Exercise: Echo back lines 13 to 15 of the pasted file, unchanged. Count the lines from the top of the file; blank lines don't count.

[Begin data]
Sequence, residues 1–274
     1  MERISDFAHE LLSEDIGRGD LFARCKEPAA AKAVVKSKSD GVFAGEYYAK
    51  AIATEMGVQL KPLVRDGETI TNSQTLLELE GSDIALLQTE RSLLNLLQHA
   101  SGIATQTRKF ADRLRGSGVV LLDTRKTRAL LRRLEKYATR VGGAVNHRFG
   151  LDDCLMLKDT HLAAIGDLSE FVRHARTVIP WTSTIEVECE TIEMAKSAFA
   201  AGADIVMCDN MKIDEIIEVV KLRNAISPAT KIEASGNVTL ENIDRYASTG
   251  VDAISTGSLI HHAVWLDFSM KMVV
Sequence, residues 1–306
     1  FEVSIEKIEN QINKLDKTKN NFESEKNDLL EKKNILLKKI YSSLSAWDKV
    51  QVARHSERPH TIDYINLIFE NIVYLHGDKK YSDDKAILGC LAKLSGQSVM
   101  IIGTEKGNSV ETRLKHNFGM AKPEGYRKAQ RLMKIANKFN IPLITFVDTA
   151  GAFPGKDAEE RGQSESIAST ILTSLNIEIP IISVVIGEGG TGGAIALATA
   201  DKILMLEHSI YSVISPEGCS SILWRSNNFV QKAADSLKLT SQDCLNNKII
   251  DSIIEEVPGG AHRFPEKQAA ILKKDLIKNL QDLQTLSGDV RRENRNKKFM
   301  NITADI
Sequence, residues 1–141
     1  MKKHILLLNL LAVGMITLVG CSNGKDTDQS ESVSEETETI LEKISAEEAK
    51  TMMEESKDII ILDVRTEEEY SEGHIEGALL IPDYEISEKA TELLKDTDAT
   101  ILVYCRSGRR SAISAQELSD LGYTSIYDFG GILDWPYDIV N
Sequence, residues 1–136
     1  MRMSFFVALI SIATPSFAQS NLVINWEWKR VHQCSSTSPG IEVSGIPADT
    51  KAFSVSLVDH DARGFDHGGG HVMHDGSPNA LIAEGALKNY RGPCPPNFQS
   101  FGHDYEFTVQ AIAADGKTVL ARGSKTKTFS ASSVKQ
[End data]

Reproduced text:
   201  DKILMLEHSI YSVISPEGCS SILWRSNNFV QKAADSLKLT SQDCLNNKII
   251  DSIIEEVPGG AHRFPEKQAA ILKKDLIKNL QDLQTLSGDV RRENRNKKFM
   301  NITADI